I don’t think a dissentling voice is crapping on the blog – it’s just an honest exercise of free speech. What is of no value is a bunch of people saying they use a Brand X mic and it sounds great to them.

  19. Ryan

    March 10th, 2015 at 12:13 pm

    ^^^ Thus proving the point that if given long enough, all internet communication reverts to bickering.

    I thought the test was very informative. It demonstrates that all of these mics are very similar in performance (particularly in the jazz and clean settings), and that ultimately your ears/brain, as always, end up being the most important tools in the kit. Great sounds *can* be had at a limited budget.

    Thank you for taking the time to do this kind of work, thankless though it may be.

  20. RonniePistons

    May 10th, 2015 at 3:06 pm

    The GLS ES-57 is a terrific SM57 clone that can be purchased for extremely cheap. Try it.

  21. matthew mcglynn

    May 10th, 2015 at 8:26 pm

    I’ve seen many “clones” of Shure gear, but *none* of them come anywhere close to the sound or reliability of the original. Shure is the only company I’ve seen that regularly pulls microphones out of inventory for destructive testing — dropping them on concrete floors, dosing them with humidity if not salt water, etc. At ~$99, the SM57 is hardly an expensive microphone, and it is likely to outlast your music career and be handed down to the next generation. The same cannot be said of Chinese-manufactured copies.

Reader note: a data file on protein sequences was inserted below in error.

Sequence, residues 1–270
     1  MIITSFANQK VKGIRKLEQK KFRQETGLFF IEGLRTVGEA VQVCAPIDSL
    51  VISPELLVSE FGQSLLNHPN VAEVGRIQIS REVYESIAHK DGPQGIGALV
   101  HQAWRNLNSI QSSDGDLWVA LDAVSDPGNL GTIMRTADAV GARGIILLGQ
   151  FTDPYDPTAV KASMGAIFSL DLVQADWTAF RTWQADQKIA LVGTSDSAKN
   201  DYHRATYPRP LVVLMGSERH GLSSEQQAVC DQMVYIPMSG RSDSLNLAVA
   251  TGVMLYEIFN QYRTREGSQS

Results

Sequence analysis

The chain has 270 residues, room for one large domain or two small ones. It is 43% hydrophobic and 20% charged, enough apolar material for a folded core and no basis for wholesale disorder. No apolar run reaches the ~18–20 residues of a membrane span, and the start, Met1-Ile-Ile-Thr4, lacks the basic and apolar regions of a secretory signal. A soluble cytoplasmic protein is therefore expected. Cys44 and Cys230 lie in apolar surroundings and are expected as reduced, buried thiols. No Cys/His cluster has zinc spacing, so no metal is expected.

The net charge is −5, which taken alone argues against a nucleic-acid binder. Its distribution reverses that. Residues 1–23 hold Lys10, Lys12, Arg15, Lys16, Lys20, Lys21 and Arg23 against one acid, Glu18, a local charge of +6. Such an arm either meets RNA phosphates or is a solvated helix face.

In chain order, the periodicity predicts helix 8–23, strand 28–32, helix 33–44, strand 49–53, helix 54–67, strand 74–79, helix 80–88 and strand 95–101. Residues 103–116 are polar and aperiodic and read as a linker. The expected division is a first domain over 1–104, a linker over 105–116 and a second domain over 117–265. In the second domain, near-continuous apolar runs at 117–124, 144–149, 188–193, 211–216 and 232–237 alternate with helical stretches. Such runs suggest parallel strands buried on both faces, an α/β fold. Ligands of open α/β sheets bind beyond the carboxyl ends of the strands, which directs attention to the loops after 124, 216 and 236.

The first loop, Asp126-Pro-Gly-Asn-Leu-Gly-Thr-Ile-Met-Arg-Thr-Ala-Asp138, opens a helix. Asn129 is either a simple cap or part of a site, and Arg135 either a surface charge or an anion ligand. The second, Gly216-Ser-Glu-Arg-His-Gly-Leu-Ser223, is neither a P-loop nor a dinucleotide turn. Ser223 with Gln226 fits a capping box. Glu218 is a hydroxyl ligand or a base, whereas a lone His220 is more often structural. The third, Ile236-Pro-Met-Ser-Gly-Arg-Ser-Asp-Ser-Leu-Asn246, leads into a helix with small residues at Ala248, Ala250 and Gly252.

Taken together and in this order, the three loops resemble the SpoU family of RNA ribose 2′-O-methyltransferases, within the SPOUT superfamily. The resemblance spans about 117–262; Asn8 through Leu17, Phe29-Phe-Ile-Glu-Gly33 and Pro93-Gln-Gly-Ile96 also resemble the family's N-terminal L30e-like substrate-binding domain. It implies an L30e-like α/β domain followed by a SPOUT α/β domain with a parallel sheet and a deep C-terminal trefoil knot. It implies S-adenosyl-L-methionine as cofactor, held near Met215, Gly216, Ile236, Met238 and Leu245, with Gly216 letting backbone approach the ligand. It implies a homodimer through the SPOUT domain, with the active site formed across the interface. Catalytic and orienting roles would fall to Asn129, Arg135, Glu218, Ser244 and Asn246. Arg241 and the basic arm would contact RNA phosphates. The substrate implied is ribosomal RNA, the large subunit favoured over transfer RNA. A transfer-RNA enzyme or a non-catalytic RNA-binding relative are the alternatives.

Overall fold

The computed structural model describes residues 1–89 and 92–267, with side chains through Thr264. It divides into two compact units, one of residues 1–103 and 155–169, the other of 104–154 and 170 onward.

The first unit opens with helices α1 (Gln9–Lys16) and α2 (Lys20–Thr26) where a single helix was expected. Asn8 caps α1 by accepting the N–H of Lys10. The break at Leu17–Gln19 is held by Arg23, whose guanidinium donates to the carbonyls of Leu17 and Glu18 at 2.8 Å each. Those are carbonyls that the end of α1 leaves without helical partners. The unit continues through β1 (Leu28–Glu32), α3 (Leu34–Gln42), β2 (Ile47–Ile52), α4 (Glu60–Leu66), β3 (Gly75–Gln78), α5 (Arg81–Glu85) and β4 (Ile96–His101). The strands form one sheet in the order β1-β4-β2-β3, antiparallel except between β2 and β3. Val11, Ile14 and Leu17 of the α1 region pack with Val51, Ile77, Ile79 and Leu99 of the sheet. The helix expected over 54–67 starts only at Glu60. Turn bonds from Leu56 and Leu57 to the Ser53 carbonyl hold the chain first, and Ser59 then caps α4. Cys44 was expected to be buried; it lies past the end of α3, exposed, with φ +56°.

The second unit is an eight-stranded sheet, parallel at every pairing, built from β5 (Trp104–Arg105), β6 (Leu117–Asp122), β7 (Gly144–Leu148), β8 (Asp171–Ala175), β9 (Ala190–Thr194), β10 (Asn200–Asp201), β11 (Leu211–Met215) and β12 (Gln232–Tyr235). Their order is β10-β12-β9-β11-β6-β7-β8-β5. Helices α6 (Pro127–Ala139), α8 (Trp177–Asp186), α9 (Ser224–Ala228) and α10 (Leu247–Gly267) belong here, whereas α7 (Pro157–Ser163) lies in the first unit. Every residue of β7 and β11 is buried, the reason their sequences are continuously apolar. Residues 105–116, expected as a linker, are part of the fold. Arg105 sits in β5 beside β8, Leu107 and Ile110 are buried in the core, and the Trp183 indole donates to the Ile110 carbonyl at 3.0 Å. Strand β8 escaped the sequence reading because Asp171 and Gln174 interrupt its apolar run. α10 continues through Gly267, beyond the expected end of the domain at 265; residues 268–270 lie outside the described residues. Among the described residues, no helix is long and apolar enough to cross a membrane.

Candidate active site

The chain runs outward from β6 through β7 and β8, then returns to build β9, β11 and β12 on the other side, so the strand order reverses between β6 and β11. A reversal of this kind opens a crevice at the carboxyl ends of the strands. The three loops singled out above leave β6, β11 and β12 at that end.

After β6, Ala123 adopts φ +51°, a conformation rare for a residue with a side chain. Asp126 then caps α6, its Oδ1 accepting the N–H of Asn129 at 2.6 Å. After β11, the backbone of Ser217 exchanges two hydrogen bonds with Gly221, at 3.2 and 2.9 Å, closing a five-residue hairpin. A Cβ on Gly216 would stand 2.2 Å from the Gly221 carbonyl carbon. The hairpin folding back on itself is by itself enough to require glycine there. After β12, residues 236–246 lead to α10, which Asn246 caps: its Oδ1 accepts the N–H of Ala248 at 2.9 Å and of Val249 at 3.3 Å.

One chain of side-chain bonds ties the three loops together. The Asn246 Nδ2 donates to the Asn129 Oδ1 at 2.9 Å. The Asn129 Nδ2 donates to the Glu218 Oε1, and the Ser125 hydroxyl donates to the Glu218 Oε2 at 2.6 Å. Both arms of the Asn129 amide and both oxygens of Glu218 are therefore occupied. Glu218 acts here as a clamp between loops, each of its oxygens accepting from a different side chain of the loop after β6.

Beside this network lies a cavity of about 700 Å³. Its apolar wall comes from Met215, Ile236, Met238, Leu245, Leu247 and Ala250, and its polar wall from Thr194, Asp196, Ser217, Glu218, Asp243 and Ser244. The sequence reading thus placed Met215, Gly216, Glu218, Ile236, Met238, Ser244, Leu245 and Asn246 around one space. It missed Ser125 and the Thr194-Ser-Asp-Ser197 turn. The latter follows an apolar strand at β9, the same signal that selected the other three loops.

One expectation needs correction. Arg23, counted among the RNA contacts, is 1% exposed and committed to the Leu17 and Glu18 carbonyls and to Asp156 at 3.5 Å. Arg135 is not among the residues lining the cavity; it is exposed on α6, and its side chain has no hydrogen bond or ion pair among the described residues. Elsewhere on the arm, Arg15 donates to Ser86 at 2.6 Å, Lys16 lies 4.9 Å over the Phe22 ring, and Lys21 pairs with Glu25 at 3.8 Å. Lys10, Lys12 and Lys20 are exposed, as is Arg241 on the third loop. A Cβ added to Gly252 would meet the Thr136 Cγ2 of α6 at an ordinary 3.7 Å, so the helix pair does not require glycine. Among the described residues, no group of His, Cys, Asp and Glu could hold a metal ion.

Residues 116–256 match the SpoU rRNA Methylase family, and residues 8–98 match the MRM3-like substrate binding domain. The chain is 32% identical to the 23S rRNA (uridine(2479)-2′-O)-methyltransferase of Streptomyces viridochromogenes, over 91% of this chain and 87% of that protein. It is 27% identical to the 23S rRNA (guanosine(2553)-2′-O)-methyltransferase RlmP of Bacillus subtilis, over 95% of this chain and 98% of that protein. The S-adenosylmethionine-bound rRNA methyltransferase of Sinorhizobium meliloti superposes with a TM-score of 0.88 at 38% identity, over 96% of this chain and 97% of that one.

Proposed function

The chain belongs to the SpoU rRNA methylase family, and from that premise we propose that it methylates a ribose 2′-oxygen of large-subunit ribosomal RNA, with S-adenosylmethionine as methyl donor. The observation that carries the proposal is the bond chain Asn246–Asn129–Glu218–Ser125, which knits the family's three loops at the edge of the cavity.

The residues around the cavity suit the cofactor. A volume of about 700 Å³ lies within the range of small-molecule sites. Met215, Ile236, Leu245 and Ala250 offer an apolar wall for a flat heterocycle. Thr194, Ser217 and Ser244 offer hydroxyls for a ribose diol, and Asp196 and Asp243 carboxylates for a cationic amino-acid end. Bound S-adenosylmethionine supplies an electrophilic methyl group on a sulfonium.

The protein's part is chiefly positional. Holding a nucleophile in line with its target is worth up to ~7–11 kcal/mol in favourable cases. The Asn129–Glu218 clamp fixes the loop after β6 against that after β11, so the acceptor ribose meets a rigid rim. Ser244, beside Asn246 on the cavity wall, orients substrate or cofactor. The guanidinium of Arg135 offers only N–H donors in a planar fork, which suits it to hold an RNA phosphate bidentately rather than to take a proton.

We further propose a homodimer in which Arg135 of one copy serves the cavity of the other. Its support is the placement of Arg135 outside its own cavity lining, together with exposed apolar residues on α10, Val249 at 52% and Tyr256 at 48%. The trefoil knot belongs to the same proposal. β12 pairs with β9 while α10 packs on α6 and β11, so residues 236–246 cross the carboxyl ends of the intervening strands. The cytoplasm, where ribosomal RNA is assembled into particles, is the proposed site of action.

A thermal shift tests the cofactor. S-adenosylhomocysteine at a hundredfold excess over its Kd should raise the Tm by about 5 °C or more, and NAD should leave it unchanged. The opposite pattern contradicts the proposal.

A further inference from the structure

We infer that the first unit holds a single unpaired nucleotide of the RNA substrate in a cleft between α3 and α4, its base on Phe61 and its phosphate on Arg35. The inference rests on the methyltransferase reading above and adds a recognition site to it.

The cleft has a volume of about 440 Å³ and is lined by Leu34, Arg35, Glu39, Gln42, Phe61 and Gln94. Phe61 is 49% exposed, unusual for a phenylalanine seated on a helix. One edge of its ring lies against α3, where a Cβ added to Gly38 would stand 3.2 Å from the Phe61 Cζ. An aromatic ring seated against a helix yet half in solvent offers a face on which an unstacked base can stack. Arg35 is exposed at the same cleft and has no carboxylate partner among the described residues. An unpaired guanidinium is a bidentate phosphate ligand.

22. Daniel

    August 4th, 2015 at 5:19 pm

    Hey,

    The “Identify the mics” button isn´t working on the “shred”…:-/
    Is it just me?

    The others are doing well…

  23. ignitron

    August 26th, 2015 at 5:22 am

    That’s right, shred identify button isn’t working.

  24. matthew mcglynn

    September 21st, 2015 at 10:07 am

    Sorry about that … all 3 buttons work now.

  25. Mike O'Malley

    October 24th, 2015 at 1:11 pm

    Thanks for doing this, and thanks for the very cool tip about center cone micing. I’d been going the opposite way, backing off, but I’m persuaded by my own trials that it works .

  26. lord koos

    October 27th, 2015 at 5:50 pm

    I had one of the GLS ES-57 knock-offs. It was well made but sounded little like my older SM57, on the top end it was similar but the low mids were thinner sounding, without the “meat” that you can get from an SM57 on a guitar cab. Perhaps for vocals the GLS mic is good but I did not buy it for that purpose.

  27. Phillip P

    October 31st, 2015 at 1:46 am

    As interesting as the test is, the proximity effect response of the microphones is so profoundly different that in several cases all I hear is ‘a microphone too close’ rather than a clear sense of the tonal differences between the mics. Such is the case with the Beyer M99. I don’t know that mics, but several of the beyer mics I am familiar with also exhibit greater relative proximity effect than similar mics by shure, et al. So the problem with such a comparison, is that some of the mics you just wouldn’t use in that close. Similarly I know from experience some of the mics that sound ok, up close, like I guess the 57, sound pretty poor with a bit of distance.